To say that I and my family are relieved is an understatement. I now tell everyone I know over 50 that they need to get their colonoscopy, and am still surprised at the number who haven’t.
Why some people don’t get screened
Grant: In conversations that I have had, two of the main reasons that people don’t want to have a colonoscopy is because they’re embarrassed, and they don’t want to do the prep. (Dr. Bahuva agrees—he hears this a lot.)
First of all, I can tell you that with the sedation, you’re not really aware of anything at all. Also, these doctors and nurses have seen thousands of rear ends, and so it’s not a big deal to them.
Secondly, while I can’t say that the colon cleansing fluid (prep) is really tasty, or that the process is what I’d call a lot of fun, it’s not a big deal. And it’s most certainly worth saving your life.
Get screened--whether you think you “need to” or not
Grant: Finally, I want to note this…. In general, I have taken good care of myself. I’ve been a lifelong athlete and have always kept a healthy weight. Since my diagnosis in December, I’ve further improved my diet. I’ve cut out fast food, eat carefully prepared lunches I bring to work, cut way back on diet sodas, and I exercise more purposefully.
The point of me telling you this is that colon cancer can happen to anyone—even if they are “the picture of health.” Follow your doctor’s recommendations about screening, and just do it. One of two things will happen: you’ll either have an earlier diagnosis that gives you a better outcome, or you’ll have peace of mind as you move on with your life.
Colon cancer risks
Dr. Bahuva: Colon cancer can run in families, so find out your family history to learn if you may need to be screened earlier than those without a family history.
However, I want to re-emphasize that everyone should be screened. You don’t have to have a family history to be diagnosed with colon cancer. The lifetime risk of colon cancer is 4-5%. If you have an immediate family member with colon cancer, your risk doubles, to 8-10%.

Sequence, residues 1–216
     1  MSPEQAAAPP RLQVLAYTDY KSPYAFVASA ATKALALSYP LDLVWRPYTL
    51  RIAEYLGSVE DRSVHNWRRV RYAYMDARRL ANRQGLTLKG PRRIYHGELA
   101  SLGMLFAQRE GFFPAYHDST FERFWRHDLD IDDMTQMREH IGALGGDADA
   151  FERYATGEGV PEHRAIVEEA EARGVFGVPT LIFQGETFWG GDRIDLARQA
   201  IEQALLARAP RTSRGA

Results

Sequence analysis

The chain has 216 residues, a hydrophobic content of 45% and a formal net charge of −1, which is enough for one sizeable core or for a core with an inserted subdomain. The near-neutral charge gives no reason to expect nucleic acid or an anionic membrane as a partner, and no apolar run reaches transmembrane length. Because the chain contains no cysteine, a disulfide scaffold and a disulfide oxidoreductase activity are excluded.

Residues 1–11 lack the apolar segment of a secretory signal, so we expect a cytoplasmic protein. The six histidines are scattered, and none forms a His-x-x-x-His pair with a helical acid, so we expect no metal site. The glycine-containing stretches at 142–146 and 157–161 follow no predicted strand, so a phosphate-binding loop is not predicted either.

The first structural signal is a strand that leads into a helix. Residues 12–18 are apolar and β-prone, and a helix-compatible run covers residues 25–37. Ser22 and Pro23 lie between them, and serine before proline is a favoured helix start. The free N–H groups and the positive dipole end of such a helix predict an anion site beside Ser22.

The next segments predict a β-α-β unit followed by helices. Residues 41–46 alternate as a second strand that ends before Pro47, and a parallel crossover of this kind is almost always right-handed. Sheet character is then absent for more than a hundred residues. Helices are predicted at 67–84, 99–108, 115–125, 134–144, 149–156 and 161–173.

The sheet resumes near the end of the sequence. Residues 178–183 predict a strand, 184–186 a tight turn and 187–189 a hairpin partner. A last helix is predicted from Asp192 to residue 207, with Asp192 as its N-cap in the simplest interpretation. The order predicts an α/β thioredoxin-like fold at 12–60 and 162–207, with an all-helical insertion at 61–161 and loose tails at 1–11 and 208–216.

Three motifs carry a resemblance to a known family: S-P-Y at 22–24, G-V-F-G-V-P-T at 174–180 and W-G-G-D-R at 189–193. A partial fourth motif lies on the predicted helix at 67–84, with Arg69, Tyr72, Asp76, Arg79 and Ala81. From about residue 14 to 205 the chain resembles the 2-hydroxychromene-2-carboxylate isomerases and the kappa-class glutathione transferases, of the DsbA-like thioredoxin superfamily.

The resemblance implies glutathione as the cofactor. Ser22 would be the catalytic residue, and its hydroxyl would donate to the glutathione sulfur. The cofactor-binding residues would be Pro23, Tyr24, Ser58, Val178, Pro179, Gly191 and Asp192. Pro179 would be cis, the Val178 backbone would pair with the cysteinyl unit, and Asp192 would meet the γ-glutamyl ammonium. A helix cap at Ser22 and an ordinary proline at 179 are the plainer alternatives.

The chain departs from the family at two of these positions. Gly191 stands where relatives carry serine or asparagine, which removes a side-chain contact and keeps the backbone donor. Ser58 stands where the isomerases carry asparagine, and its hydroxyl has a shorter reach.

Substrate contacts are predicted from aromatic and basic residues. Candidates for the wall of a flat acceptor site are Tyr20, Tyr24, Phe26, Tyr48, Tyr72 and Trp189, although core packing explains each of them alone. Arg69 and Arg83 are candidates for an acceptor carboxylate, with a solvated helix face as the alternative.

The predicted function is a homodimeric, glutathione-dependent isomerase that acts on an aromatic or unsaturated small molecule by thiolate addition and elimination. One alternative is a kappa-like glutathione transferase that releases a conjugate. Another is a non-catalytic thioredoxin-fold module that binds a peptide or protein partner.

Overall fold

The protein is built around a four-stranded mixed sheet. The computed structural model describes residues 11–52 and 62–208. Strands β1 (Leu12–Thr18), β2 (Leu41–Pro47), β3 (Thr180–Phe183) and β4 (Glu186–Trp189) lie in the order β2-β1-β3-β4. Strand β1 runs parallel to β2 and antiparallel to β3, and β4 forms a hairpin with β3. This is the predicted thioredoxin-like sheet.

Also, I’m glad Grant mentioned his lifestyle, because lifestyle factors can significantly impact colon cancer risk.
For example, some of the most important things to do to reduce colon cancer risk include:
- Being physically active – about 30 minutes each day.
- Eating healthfully—lots of produce and whole grains; limiting red meat and processed meats
- Not smoking.
- Limit alcohol. However, even if someone is overall very healthy, colon cancer can still happen, which is why screening is so important.
Screening options, details
I feel very strongly about colonoscopy. It’s the best way to detect cancer at early stages, and as I mentioned earlier, it can help remove polyps prior to them possibly becoming cancerous.
However, if someone doesn’t want to do a colonoscopy, there are other options (see chart below). There are pros and cons to both, but overall, I think the best screening is the one the patient will actually do.
I want to assure patients that colon cancer screenings are nearly always covered by insurance (as recommended by your primary care doctor). Insurance companies also want to detect cancer early. It’s in everyone’s best interest.
At Deaconess we’ve taken a pledge—along with many national organizations—to increase our colon cancer screening rates to 80% (of those over 50) by 2018. National screening rates are at about 65-67%. We’re doing better than that locally, but want to close the gap.
Visit for more information about colon cancer and colon cancer screening.